Difficulties with Coursework Make Students Consider Leaving Computing; Job Prospects and Support from Friends and Family Help Students Stay
By Burçin Tamer, CERP research scientist
In CERP’s 2015 Data Buddies survey, computing majors were asked whether they had thought about changing to a non-computing major during the past year. Thirteen percent of students who responded to this question said that they had. The word clouds here were created using students’ comments about the reasons they considered leaving computing and factors that helped them stay. Some of the most frequently encountered words in students’ reasons for considering leaving computing were “classes”, “hard”, “difficult”, “work”, and “time”. On the other hand, students’ responses regarding the factors that helped them stay in computing contained words such as “job”, “degree”, and “friends”.
We also looked at words associated (correlated) with these two sets of words to give us context for frequently cited words. When talking about thoughts about leaving, students were particularly likely to associate “weed-out” with “classes”. They were also likely to use words such as “pretty” and “extremely” alongside “hard” and “difficult”, which sheds light on computing students’ experiences in the major. When talking about staying in their major, students cited words such as “prospect”, “security”, “stable”, and “necessary” along with the top two most commonly used words: “job” and “degree”. For instance, one student said: “[I thought about changing to a non-computing major because of] the difficulty of computing. [But I stayed for] the security of the job market.” Yet another student noted: “The competitive culture [in my computing major] is overwhelming. [But] the salary [that] hopefully awaits me [helped me stay].” Furthermore, students used the words “friends”, “family”, and “support” in association with each other, suggesting that friends and family support played a role in students’ decision/ability to stay in their computing major. As a case in point, one student noted: “The material is hard to learn! I had to drop one of my core classes and must take it again. But with some support from friends, academic advisors, more interesting classes, and a more focused field in the major I have decided to continue.”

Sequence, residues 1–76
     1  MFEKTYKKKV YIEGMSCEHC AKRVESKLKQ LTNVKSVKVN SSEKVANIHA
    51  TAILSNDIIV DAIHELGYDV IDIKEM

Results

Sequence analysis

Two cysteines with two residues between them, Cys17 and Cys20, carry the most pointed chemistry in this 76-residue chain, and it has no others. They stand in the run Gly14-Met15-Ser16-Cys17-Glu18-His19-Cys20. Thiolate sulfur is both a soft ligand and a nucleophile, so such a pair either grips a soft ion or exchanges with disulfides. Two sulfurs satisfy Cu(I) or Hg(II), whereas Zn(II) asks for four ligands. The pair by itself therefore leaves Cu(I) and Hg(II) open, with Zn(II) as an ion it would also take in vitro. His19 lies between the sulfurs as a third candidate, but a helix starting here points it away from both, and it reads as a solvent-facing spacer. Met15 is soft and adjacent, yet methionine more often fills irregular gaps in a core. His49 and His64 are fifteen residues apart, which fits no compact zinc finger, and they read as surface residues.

Notes. There were 9,721 undergraduate students who responded to CERP’s survey in 2015. Students who indicated that they were in a computing major were asked, “Over the past year, have you seriously considered changing to a non-computing major?” A total of 1,049 students (13% of the 7,952 students who responded to this question) said that they had considered changing to a non-computing major. These 1,049 students were asked two open-ended questions to comment on the reasons for considering changing to a non-computing major and the factors that helped them stay. A total of 1,013 entered a text response to at least one of these questions. The free text responses students entered were then corrected for major spelling errors and stripped of “stop words” such as “a”, “the”, and “is”. Word clouds were generated to reflect most commonly used words with a minimum frequency of 40.
This info-graphic is brought to you by the CRA’s Center for Evaluating the Research Pipeline (CERP). CERP provides social science research and comparative evaluation for the computing community. To learn more about CERP, visit our website at https://turing.cra.org/cerp/.